Cooking vessel found in BWCAW at least 1,600 years old
Radiocarbon dating has confirmed that a broken piece of a ceramic vessel found in the Boundary Waters Canoe Area Wilderness is between 1,600 and 1,750 years old.
The Forest Service says a lab at University of California-Irving determined the age based on carbonized food residue found on the interior of the broken piece. The piece contains decorative elements associated with the Laurel Cultural Tradition, which was prevalent in the region from about 2,100 to 1,200 years ago.
Jaylen Strong, Tribal Historic Preservation Officer for the Bois Forte Band of Chippewa, is quoted in a Forest Service news release as saying it’s important to get an accurate date "to demonstrate the sophistication of the people and their land uses here for thousands of years. Artifacts like this help to improve the knowledge of people who used this land that can often be misrepresented."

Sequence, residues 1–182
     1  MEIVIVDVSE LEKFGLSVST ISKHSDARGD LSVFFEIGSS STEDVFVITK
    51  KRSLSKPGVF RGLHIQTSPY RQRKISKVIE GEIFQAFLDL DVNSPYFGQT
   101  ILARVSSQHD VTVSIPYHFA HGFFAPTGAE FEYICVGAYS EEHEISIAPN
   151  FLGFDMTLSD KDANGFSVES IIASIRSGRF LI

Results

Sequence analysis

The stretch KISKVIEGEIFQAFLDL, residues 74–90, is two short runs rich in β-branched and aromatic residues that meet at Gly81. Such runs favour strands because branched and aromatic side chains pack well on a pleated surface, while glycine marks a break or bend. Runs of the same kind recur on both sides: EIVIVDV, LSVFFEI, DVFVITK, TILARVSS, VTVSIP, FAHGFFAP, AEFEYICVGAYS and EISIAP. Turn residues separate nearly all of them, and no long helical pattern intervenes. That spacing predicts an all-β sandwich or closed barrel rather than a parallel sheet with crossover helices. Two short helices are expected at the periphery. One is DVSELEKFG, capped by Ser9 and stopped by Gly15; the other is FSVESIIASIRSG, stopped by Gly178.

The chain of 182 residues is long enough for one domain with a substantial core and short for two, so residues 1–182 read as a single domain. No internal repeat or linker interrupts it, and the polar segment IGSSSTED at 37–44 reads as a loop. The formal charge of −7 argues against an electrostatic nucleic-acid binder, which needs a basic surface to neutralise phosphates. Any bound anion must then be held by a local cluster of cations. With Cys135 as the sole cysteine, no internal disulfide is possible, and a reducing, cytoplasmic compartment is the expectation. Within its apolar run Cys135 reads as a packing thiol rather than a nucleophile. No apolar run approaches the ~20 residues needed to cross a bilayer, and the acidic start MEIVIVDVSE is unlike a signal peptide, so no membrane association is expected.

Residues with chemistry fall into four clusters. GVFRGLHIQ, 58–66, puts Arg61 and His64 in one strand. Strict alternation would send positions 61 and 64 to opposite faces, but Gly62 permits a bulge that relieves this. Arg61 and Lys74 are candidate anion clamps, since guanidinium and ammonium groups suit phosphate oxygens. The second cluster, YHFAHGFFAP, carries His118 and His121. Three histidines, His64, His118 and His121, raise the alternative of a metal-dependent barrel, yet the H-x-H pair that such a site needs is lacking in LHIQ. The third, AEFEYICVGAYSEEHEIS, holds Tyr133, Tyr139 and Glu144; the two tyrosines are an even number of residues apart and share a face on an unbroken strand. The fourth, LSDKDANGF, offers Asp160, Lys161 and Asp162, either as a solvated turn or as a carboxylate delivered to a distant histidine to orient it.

The people of the Laurel Culture lived in areas now part of Minnesota, Ontario, Manitoba, and Michigan.
Lee Johnson, Superior National Forest Archaeologist, says they are "fairly confident" that there are sites in the Forest that are as old as 10,000 years, but it’s good to have exact dates confirmed by radiocarbon testing.
"The site location and artifacts suggested a long history of ancestral Native American use of the site during the summer months for both fishing and manoomin (wild rice) processing; however, the radiocarbon date gives a really specific point of time to contextualize that use," Johnson said in the news release.
The site has also produced other finds, including remains of maize and manoomin on other ceramic pieces and an obsidian flake that was sourced to present-day Idaho. The origin of the obsidian flake indicates that a trade network existed at the time, the Forest Service says.